[Today: Woody lives…]
Woody Guthrie may have been the father of modern folk music, but by age 35 he was more or less done as a recording artist. A number of factors – including his declining health and a harsh political climate – conspired to keep him out of a recording studio for the last 20 years of his life. But Guthrie continued to write songs – songs that referenced Ingrid Bergman and Walt Whitman, union battles and dark highwaymen who rob from the rich to give to the poor, and anything else that crossed his fertile imagination. In the mid-60s, Guthrie was diagnosed with Huntington’s disease, and during his final years he was sought out as a folk oracle by young singer/songwriters like Bob Dylan. Guthrie promised Dylan a crack at his stash of unpublished songs, but after he passed away in 1967, legal entanglements prevented Dylan from doing anything with those songs.
Fast forward nearly 30 years, to the spring of 1995, when Guthrie’s daughter Nora reached out to Billy Bragg and asked if he’d like to put music to Woody’s lyrics. “In her original letter to me, Nora talked of breaking the mould,” Bragg wrote in the album liner notes, “of working with her father to give his words a new sound and a new context. The result is not a tribute album but a collaboration between Woody Guthrie and a new generation of songwriters who until now had only glimpsed him fleetingly, over the shoulder of Bob Dylan or somewhere in the distance of a Bruce Springsteen song.” The result of that collaboration, Mermaid Avenue, did more than just breath life into Guthrie’s songs – it built a living bridge to an older, wiser, and infinitely more interesting America.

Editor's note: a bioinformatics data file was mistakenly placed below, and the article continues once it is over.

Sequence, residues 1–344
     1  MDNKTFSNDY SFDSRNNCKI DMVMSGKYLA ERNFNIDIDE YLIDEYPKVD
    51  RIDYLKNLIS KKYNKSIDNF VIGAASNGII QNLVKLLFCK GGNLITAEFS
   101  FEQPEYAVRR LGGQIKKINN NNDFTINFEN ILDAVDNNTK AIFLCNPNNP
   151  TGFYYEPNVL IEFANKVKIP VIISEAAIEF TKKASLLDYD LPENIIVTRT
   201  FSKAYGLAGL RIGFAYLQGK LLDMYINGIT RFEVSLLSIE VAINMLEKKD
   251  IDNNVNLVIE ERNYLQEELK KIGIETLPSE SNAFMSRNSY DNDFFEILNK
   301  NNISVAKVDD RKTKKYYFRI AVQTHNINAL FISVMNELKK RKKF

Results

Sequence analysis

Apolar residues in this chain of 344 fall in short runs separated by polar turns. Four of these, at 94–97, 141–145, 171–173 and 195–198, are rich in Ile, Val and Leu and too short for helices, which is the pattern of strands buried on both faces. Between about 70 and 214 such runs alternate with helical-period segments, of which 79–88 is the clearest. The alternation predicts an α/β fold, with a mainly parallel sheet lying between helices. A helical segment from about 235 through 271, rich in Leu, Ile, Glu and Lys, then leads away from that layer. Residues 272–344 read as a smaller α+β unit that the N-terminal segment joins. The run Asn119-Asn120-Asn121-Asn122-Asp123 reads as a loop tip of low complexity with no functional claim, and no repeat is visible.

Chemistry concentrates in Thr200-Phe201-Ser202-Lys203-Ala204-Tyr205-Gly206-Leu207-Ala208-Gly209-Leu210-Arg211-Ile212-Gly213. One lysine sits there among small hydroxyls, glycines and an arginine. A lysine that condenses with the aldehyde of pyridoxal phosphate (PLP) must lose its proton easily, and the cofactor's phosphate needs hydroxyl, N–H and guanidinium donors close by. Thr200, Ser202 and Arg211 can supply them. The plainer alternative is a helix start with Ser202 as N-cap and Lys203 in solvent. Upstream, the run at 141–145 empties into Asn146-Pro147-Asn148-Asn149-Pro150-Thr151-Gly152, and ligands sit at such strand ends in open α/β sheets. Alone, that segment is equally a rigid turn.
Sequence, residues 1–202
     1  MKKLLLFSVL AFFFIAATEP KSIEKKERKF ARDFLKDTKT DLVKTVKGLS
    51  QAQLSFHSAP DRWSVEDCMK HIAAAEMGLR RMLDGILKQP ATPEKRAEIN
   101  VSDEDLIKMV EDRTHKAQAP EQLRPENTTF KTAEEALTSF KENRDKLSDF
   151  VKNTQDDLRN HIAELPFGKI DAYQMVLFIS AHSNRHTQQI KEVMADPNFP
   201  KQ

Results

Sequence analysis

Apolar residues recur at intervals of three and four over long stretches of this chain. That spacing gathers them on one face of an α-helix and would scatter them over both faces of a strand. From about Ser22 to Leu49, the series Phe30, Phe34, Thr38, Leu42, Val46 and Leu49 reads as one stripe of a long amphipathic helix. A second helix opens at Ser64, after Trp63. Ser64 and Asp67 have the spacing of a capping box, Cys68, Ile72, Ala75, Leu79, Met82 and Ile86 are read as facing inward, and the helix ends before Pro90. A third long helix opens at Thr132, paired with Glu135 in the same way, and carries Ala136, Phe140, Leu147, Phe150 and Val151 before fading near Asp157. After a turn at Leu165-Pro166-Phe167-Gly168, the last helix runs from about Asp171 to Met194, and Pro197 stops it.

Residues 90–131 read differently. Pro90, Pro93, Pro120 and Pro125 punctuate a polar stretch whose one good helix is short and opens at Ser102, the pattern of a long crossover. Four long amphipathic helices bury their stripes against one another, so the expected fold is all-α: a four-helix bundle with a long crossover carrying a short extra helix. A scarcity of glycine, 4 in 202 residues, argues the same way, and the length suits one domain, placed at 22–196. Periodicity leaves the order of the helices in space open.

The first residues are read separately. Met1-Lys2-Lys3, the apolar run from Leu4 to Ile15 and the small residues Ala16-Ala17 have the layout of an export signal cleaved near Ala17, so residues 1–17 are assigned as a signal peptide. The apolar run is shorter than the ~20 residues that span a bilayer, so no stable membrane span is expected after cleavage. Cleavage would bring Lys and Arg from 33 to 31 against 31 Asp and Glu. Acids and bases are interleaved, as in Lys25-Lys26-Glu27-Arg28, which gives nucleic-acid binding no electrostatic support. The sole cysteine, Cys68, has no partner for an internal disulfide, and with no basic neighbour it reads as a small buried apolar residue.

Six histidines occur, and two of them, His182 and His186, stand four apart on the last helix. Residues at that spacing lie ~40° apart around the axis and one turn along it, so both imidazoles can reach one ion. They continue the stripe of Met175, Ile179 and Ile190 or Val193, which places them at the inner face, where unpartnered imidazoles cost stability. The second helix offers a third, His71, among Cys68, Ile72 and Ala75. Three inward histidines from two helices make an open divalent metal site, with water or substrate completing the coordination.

In the course of these songs (one small sliver of his unrecorded works), Guthrie parties with a niece of Walt Whitman (he’ll not say which one), captures the breathtaking beauty of the Golden State, makes Ingrid Bergman a proposition she can’t refuse, nominates Christ for the highest office in the land, brags on his musical skills to bed a girl, presents a compelling case for women’s lib, and says goodbye to loved ones through death, deportation and heartbreak. Mermaid Avenue sounds thoroughly modern and thoroughly ancient, the whistle of train and clatter of icebox fully embedded in the DNA of its songs. These are songs about ourselves, the way we were, and the way we always will be: heartbroken, self-righteous, joyous, mysterious, ridiculous, simple, poetic, timeless.
Guthrie famously covered his guitar with the phrase “This Machine Kills Facists”, but as Mermaid Avenue so plainly proves, it was his songs that were killer…
Listen: California Stars
Listen: Ingrid Bergman
Listen: Way Over Yonder In The Minor Key
Listen: The Unwelcome Guest